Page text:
Fritz Lang was born on December 5, 1890 in Vienna, Austria. His farther was an architect and his family was catholic.
After graduating from school, Fritz studied civil engineering at the Technical University of Vienna. However, he decided to switch to studying art in 1908, which was his true passion. In 1910, he went on a long vacation to see Africa and Asia.
In 1912, he was drafted into the Austrian Army and served during World War 1. He suffered multiple injuries and shell shock, but he nothing that he couldn't recover from. After healing, he was honorably discharged with the rank of lieutenant.
After the war, Fritz began working for Ufa, a German film studio. He started to direct silent films with the company, producing classics such as 1922's "Dr. Mabuse, the Gambler", which lasted an astounding four hours.
In 1927, Fritz produced one of his most famous films "Metropolis". The film featured massive sets and amazing special effects. With a budget of $200 million, it was the most expensive silent film of all time. The film was set in 2026, where society has become divided between the rich thinkers and the poor laborers. It remains one of the best regarded films of all time and marked a turning point in movie history.
In 1931, he released another classic film called "M". The film featured Peter Lorre as a child serial killer in his first major role. In the film, a gang of common criminals are enlisted to help the police catch the killer. While disturbing, the film also comments on society and politics.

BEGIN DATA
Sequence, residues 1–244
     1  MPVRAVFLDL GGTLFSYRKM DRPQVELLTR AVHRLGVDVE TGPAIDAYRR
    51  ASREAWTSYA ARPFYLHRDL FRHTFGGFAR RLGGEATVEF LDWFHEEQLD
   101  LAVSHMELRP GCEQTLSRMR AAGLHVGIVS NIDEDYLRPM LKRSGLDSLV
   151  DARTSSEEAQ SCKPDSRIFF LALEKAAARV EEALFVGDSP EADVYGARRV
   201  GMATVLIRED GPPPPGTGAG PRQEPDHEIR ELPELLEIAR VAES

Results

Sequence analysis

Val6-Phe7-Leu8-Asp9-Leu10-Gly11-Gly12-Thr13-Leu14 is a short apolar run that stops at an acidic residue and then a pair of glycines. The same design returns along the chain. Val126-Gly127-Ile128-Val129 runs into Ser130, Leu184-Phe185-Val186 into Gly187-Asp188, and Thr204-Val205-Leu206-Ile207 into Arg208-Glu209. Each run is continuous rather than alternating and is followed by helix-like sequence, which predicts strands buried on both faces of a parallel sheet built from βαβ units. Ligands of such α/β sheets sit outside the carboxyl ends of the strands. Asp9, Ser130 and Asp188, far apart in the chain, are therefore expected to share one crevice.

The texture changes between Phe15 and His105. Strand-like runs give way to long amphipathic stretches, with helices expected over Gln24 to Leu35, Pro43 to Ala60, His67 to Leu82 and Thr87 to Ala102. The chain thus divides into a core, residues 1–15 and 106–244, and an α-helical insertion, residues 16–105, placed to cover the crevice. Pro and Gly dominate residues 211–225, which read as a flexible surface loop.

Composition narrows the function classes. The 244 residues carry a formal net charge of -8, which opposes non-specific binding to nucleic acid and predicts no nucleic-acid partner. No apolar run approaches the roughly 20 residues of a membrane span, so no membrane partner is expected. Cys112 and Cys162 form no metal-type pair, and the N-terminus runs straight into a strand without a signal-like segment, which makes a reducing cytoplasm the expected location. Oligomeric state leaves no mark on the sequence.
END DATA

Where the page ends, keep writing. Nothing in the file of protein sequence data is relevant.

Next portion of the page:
After "M", Fritz moved to the United States so he could work in Hollywood, the mecca of motion pictures. His first film in the US was "Fury", which he made at MGM Studios. In 1939 he was made a US citizen and he managed to produce twenty-one films in a twenty year period.
Fritz Lang was notoriously difficult to work with and apparently resembled tyrannical directors such as Otto Preminger. He once threw Peter Lorre down a flight of stairs to give him a battered look for a special scene in "M". He also argued frequently with the actors and demanded that they stick to his vision.
Fritz's career declined over the 1950s as he grew tired of having his artistic vision compromised by the demands of studios and financiers. He did make a few notable pictures during that period, however, including "The Indian Tomb" in 1959 and "The Thousand Eyes of Dr. Mabuse" in 1960.
During the filming of that final film, his eyesight became so poor that he decided to retire. He returned to the United States, where he continued to write screenplays and study films. He died on August 2, 1976.